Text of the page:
Steps you can take to raise your HDL cholesterol:

    1. Stop Smoking
    2. Maintain a healthy weight
    3. Get regular exercise (30 minutes of moderate cardio 5 times a week or 20 minutes of vigorous cardio 3 times a week).

    Source: the American Heart Association

    LDL Cholesterol

    If you have an “abnormal” LDL cholesterol level, your LDL cholesterol is too high and puts you at an increased risk for a heart attack or stroke. If you haven’t done so, you should consult with your physician. If you do not know your LDL cholesterol level, you are also considered at risk.

    The lower your LDL (bad cholesterol) the better! When you have too much LDL cholesterol circulating in your blood, it builds up over time in the inner walls of the arteries that feed the heart and brain. Together with other substances, it can form plaque, a thick, hard deposit that can narrow the arteries and make them less flexible. If a blood clot forms and blocks an already narrowed artery, a heart attack or stroke can result.

    The lower you LDL cholesterol, the lower your risk of heart attack and stroke. In fact, it is a better gauge of risk than total blood cholesterol. Your other risk factors for heart disease and stroke help determine what your LDL level should be, as well as the appropriate treatment for you. A healthy level for you may not be healthy for someone else. It all depends upon your risk factors as to what an acceptable level is for you. The more risk factors you have for a heart attack or stroke, the lower your LDL should be.

    Reference the American Heart Association

    Taking your medications as prescribed is an important step in controlling your blood cholesterol levels. If you are having difficulty taking your medications, you should let your doctor know.

Did you know:

Nutritional Guidelines

The following is a listing of the dietary guidelines as recommended by the U.S. Department of Health and Human Services and the U.S. Department of Agriculture. Guidelines are updated every 5 years. Guidelines are based upon a 2,000 calorie/day diet and do not take into account specific diets due to medical conditions.

Food Groups

Consume a sufficient amount of fruits and vegetables while staying within energy needs. Two cups of fruit and 2 ½ cups of vegetables per day.
Choose a variety of fruits and vegetables each day. Select from all five vegetable subgroups (dark green, orange, legumes, starchy and other) several times a week.
Consume 3 or more ounces of whole-grain products per day, or 50% of the total amount of grains consumed per day should be whole grain.
Consume 3 cups per day of fat-free or low-fat milk or equivalent milk products.


Consume less than 10% of calories from saturated fatty acids and less than 300mg/day of cholesterol. Avoid trans fats.
Keep total fat intake between 20 to 35% of calories, with most fats coming from sources of polyunsaturated and monounsaturated such as fish, nuts and vegetable oils.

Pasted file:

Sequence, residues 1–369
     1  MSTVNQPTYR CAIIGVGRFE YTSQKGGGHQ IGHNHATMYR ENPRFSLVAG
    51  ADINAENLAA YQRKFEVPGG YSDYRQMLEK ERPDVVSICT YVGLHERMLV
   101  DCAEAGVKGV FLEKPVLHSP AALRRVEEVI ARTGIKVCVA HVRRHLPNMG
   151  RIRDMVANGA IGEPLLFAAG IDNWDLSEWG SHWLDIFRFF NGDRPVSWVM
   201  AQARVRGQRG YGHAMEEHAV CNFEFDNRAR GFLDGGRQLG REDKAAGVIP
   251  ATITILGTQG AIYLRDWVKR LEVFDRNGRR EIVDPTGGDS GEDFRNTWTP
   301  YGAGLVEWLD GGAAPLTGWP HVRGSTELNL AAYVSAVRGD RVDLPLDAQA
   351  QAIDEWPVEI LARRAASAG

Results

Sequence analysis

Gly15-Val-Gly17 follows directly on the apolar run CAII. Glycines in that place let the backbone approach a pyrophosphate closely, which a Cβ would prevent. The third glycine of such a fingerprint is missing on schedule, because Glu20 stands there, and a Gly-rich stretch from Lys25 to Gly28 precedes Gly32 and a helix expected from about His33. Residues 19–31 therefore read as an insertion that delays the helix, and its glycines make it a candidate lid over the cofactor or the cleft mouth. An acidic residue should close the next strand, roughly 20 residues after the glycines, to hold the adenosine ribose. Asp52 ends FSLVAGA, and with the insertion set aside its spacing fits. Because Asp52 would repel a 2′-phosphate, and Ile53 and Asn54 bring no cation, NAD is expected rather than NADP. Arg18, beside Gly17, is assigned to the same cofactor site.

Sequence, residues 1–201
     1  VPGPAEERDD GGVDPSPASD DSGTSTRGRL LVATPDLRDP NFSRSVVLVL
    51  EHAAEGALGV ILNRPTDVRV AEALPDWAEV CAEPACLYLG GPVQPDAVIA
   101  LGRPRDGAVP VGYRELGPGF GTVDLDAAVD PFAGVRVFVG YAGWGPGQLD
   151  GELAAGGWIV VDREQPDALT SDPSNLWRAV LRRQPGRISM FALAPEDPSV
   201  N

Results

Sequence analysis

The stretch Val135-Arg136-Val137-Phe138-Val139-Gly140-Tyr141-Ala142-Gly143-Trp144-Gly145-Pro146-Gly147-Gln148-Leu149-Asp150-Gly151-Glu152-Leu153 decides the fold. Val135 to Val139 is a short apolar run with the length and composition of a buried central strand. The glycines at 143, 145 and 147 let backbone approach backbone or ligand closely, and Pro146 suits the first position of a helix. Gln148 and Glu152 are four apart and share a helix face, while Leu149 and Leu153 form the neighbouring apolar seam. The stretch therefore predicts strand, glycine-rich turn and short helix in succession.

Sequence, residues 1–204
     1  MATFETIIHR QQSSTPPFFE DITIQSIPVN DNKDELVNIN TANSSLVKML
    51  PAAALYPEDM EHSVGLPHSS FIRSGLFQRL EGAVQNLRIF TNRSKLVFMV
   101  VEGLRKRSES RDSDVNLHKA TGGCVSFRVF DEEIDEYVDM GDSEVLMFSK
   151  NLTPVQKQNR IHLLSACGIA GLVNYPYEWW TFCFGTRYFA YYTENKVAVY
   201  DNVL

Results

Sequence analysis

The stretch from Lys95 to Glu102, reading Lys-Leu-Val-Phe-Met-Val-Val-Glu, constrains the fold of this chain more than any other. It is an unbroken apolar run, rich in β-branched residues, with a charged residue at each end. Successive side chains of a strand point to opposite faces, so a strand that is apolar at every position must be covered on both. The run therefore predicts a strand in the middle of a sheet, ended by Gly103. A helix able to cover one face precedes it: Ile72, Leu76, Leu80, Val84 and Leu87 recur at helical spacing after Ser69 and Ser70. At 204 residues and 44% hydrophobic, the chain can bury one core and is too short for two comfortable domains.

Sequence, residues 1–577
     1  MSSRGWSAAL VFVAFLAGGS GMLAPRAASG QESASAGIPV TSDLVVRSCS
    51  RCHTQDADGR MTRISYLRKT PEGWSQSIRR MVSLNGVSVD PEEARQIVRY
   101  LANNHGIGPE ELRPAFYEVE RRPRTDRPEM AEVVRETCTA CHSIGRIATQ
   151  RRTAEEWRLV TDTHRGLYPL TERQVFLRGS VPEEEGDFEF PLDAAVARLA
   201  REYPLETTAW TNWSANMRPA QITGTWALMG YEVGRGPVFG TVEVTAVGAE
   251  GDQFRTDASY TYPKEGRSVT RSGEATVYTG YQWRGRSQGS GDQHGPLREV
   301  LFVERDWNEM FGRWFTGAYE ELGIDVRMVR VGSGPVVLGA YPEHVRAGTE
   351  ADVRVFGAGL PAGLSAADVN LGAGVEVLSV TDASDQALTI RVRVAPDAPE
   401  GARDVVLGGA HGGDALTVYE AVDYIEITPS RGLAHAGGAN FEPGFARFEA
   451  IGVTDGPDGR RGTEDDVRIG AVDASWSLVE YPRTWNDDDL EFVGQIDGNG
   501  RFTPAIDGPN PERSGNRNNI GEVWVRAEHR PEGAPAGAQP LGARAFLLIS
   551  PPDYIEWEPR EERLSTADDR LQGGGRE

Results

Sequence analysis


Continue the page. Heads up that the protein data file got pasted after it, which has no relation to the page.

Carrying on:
Select lean, low-fat and fat-free options when choosing meats, poultry, dry beans and milk or milk products.


Choose fiber-rich fruits, vegetables and whole grains often.
Choose and prepare foods and beverages with little added sugars or caloric sweeteners.

Water Intake
As recommended by the Centers for Disease Control and Prevention

Water helps your body with the following:

Your body needs extra water when you are:

Some people may have fluid restrictions because of a health problem, such as kidney disease. If your healthcare provider has restricted your fluid intake, be sure to follow that advice, otherwise:

Sodium (Salt)

Consume less than 2,300 mg (approximately 1 tsp of salt) of sodium/day
Choose and prepare foods with little salt. Avoid frozen dinners and canned foods.
If you have high blood pressure, aim to consume no more than 1,500 mg of sodium/day


As recommended by the U. S. Department of Health and Human Services, President’s Council on Physical Fitness and Sports.

There is strong evidence to support the health benefits of physical activity. Below is a list of the benefits:

Substantial health benefits are gained by doing physical activity. Guidelines for the amount of physical activity to achieve the health benefits are as follows:

Pregnant and postpartum women who are not already doing vigorous-intensity physical activity should do at least 30 minutes, five days a week of moderate-intensity aerobic activity with approval from their health care provider. Women who regularly engage in vigorous-intensity aerobic activity or high amounts of activity can continue their activity provided that their condition remains unchanged and they talk to their health care provider about their activity level throughout their pregnancy.


Stress is common yet difficult to define because it can mean different things to different people. It is generally accepted however, that stress is a negative feeling which can cause physical, emotional and behavioral disorders all of which can affect your health. If you are feeling “stressed” you are not alone; One third of Americans are living with stress. Listed below are the signs of stress. It is important to recognize the signs so that steps can be taken to change stressful situations and positive coping skills can be developed.

Signs of Stress:

It is important to note that if you are feeling overwhelmed, unable to cope and feel as though your stress is affecting how you function every day, it could be something more like, depression or anxiety. Don’t let it go unchecked. Contact your health care provider.

Reference: The National Mental Health Association – Mental Health America

Vehicle Safety

According to the Centers for Disease Control and Prevention, motor vehicle accidents are the leading cause of death for people ages 1-34 and nearly 5 million people will be injured each year.

In 2007, 37,248 people died in motor vehicle accidents in the United States, more than half of these people were not wearing a safety belt. Buckle up!

80% of motor vehicle accidents are related to driver inattention with cell phone usage being the leading cause of distraction. Drivers who use a cell phone while they drive are four times more likely to have an accident while driving. Get off your cell phone and stop texting!

In the United States, 36 people every day will die and 700 more will be injured due to motor vehicle accidents caused by an alcohol impaired driver. Don’t drink and drive!

Reference Centers for Disease Control and Prevention, National Safety Council and Department of Transportation, National Highway Traffic Safety Administration